• Dr. Jessica Stubbing, “Ideation to Action: Understanding the role of substances in the suicide attempts of adults with substance use disorder (SUD).”
    • Wondering why people with SUD are four times as likely as others to die by suicide, Dr. Stubbing investigated two categories: baseline vulnerability, in which patients agreed SUD contributed to their suicide attempt; and fluid vulnerability, in which SUD could precede a suicide trigger, serve as the suicide trigger, occur after a suicide attempt or serve as the means for the suicide attempt. The latter proved to be the majority of patients she reviewed. In all study subjects, she found that SUD contributed to acute risk of suicide in some way. Going forward, she suggested patients coming into the IOL not only be asked generally about substance use, but more pointed questions about what they use and how often. She also saw an opportunity for clinicians to work with patients on safety planning and provide education about how substances are used as coping strategies.
  • Dr. Colin Stanton, “Associations between anxiety symptoms and coherences of fact vs. slow scalp-recorded brain electrical activity.”
    • Using electroencephalogram (EEG) technology, in which electrodes in a special cap are placed on the scalp to record the brain’s electrical activity, Dr. Stanton examined EEG results to investigate whether certain patterns of brain activity are associated more strongly with physical or cognitive symptoms of anxiety such as worrying. He discovered no significant associations between the brain activity patterns of interest and physical vs. cognitive anxiety. Dr. Stanton noted that the hypothesized associations might not exist or might be too small to detect, or that some aspects of the study design (such as examining only patients with high anxiety) could have interfered. He suggested that, in the future, more in-depth work should be conducted to clarify the brain networks that primarily contribute to observed patterns of electrical activity.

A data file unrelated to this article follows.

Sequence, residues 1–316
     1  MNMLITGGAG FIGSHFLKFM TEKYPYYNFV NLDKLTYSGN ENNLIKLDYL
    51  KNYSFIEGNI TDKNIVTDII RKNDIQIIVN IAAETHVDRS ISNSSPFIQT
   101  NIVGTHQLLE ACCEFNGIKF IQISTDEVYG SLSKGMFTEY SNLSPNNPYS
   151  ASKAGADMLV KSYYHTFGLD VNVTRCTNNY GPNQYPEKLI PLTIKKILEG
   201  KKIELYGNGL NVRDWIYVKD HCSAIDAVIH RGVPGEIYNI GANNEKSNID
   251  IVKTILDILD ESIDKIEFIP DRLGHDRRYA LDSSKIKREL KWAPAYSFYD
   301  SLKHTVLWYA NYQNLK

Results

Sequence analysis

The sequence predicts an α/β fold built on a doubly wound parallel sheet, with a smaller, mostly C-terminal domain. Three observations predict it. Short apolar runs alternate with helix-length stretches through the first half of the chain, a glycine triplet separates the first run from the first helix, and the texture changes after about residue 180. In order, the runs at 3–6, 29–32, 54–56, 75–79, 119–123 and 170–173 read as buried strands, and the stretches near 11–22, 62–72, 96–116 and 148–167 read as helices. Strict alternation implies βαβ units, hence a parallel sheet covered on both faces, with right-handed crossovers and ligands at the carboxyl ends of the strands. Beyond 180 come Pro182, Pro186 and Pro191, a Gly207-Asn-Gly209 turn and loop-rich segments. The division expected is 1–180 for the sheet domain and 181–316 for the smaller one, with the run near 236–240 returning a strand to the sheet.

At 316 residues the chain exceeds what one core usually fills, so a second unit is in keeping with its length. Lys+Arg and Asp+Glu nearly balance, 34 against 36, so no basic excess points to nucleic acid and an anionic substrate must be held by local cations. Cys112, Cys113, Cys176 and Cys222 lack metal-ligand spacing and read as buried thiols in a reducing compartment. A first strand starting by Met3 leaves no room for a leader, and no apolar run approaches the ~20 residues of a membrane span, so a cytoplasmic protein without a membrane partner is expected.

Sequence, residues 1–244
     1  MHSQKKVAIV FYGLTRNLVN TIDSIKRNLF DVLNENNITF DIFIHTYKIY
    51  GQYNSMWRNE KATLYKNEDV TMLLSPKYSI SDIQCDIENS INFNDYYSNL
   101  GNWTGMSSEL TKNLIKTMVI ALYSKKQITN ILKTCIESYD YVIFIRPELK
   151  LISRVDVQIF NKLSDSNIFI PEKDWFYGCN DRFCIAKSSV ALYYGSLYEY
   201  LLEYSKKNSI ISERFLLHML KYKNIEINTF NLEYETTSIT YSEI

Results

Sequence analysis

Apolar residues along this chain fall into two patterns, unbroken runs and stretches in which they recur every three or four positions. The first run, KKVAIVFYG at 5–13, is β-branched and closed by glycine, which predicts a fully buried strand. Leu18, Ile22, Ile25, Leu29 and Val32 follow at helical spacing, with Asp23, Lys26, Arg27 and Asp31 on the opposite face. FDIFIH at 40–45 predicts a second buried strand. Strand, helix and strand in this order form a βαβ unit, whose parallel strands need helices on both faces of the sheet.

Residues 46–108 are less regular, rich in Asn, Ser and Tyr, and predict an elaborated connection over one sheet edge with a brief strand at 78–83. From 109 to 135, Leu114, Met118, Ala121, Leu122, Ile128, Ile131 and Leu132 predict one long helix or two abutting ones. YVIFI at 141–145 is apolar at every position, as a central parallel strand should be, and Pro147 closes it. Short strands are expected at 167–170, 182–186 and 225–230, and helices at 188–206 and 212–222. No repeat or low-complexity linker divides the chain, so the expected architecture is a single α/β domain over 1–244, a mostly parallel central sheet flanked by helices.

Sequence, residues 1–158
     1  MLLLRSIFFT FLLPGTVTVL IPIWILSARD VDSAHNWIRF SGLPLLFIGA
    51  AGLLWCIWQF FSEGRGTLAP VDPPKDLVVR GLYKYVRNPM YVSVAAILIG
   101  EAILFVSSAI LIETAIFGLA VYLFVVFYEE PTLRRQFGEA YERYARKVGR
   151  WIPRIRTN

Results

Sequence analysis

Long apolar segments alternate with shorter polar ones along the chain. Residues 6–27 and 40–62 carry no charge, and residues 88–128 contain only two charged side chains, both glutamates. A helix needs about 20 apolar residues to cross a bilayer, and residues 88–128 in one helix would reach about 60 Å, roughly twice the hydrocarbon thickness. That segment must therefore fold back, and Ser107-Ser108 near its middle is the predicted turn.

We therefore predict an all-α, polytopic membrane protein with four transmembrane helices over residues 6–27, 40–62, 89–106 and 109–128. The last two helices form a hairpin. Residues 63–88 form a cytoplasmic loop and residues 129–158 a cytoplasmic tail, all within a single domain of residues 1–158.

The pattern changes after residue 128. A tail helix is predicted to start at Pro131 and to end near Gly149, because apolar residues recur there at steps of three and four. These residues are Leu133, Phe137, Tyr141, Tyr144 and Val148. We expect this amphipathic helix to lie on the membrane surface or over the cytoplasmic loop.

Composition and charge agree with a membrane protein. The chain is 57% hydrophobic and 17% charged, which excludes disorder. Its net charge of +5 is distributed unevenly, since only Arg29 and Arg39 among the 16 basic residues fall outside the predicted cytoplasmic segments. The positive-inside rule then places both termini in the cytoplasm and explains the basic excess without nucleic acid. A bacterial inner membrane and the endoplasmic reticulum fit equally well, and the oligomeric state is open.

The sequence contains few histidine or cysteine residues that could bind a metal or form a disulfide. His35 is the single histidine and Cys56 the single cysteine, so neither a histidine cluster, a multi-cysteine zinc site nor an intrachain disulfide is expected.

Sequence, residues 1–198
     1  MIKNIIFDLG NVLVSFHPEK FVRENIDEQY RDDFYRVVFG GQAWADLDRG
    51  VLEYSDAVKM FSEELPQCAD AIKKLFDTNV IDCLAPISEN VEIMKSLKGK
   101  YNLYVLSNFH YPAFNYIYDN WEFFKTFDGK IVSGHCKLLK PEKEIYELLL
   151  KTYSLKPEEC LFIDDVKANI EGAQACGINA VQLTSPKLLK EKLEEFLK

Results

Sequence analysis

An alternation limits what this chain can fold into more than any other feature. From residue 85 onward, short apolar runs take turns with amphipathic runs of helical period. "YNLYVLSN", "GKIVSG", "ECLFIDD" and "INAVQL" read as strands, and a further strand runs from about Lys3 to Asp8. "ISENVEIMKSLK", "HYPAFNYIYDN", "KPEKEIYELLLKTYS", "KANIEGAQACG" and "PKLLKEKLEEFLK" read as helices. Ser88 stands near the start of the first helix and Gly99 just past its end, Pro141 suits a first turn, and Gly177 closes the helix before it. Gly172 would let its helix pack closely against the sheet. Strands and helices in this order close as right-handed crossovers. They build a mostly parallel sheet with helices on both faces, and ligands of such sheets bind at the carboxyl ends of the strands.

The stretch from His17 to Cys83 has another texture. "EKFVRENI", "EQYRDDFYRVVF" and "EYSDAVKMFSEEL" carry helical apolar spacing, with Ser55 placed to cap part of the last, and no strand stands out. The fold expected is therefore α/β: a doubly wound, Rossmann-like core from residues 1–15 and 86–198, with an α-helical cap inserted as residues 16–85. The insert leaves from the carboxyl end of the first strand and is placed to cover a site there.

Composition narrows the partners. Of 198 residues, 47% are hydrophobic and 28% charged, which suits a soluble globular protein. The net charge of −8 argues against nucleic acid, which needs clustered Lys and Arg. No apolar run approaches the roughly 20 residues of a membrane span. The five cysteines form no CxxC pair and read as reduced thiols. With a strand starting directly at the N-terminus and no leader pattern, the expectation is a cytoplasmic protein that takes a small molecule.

• Dr. Meghan Krasnow, “Student-athletes’ perceptions of an interest in sport psychology services."
    • In her work through the Bone & Joint Institute with Trinity College student athletes, Dr. Krasnow wondered about the kinds of support services that may be of interest to students (group, individual or a combination). Through a survey, she discovered that an “overwhelming” number would welcome team and individual support in such areas as mindfulness, concentration, team cohesion, sports confidence and combatting performance anxiety. While no respondents perceived the potential help as negative, 50 percent felt it would be positive and the other 50 percent was undecided. Dr. Krasnow said one next step would be to determine how to reach those undecided. She also noted that many of the responding student athletes were first- and second-year students, meaning they might also be feeling the strain of being away from home for the first time. Stemming from this important work, Dr. Krasnow will work to develop worksheets for student athletes on the topics of identified need.